So, we were handed exactly what we thought we would be handed as David Haye made an emphatic comeback to the ring last week.
The 35-year-old iced over matched Aussie Mark de Mori in 131 seconds at the O2 Arena in London on January 16, live and exclusive on UKTV channel Dave.
And Haye, who is a former undisputed cruiserweight ruler and ex-heavyweight WBA king, has designs on returning to former glories.
But many believe that the real target for the Bermondsey boy is the UK’s golden boy of heavyweight boxing Anthony Joshua, who has caused a real stir and raced to 15-0, all by stoppage, since winning the Olympics at super heavyweight in 2012.
Joshua’s promoter, Eddie Hearn, has said this week that the fight between the aforementioned duo is inevitable and too big not to happen, but I can’t help but think that it’s still some way off.
Haye is set for an April return, with bets already being taken on his next opponent, while AJ is set to face an opponent to be named on pay-per-view at the O2 Arena on April 9, live on Sky Sports Box Office.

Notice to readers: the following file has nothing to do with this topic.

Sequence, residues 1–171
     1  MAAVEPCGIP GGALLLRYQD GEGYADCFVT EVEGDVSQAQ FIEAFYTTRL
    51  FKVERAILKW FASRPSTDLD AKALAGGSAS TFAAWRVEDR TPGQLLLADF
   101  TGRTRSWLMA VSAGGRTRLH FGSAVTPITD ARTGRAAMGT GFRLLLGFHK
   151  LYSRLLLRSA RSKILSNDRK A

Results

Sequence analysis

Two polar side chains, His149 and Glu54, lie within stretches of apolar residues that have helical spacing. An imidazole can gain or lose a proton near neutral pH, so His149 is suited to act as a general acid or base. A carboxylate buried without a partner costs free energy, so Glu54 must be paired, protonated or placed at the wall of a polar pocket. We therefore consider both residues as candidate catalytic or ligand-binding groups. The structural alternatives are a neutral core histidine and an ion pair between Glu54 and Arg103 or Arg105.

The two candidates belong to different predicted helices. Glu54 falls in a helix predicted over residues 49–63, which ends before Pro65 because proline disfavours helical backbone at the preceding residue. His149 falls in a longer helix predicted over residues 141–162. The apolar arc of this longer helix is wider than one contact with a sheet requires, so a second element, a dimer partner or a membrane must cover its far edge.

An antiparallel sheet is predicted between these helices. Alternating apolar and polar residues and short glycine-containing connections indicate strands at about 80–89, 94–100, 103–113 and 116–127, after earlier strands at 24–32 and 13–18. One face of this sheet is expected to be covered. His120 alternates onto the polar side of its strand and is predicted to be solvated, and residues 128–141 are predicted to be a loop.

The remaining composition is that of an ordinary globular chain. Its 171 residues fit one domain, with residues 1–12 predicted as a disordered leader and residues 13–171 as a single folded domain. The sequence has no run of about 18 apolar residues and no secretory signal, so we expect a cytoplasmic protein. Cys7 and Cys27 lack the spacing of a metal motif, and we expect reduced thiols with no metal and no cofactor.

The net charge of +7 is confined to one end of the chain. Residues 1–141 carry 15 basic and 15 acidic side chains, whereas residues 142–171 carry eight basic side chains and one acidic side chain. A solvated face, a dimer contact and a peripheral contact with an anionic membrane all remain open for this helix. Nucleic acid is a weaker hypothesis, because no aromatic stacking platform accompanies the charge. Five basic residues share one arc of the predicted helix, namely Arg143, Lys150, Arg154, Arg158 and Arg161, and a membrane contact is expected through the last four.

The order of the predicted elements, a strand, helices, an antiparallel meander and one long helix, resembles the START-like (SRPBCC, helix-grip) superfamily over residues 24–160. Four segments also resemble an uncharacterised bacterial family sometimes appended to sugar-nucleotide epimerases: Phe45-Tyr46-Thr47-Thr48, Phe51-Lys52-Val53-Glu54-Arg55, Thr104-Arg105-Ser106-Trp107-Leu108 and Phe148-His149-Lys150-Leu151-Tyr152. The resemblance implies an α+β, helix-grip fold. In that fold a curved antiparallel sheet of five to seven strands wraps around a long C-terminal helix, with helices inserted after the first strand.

Seeing as we’re on the subject of ‘Haye Day’, I was on the blower to Tony Dodson, who won on the undercard, earlier this week and he confirmed that he will be out of action for a while after doing damage to his tendons in the knuckles and the fourth metacarpal on his right hand.
However, he did say that he has been told by Haye’s people that “we’ll help you out if we can” and that he is likely to feature on the next undercard of the ‘Hayemaker’, fitness permitting, of course.
Elsewhere, I’ll only say this once –– and you won’t see or hear another word from me on the matter –– but what is this WBA heavyweight tournament about?
Back next week with more tidbits and news from the world of the sport.
Elliot Foster is a NCTJ-accredited freelance journalist who contributes to several other leading publications on a daily basis. Follow Elliot on Twitter at @freelancefoz.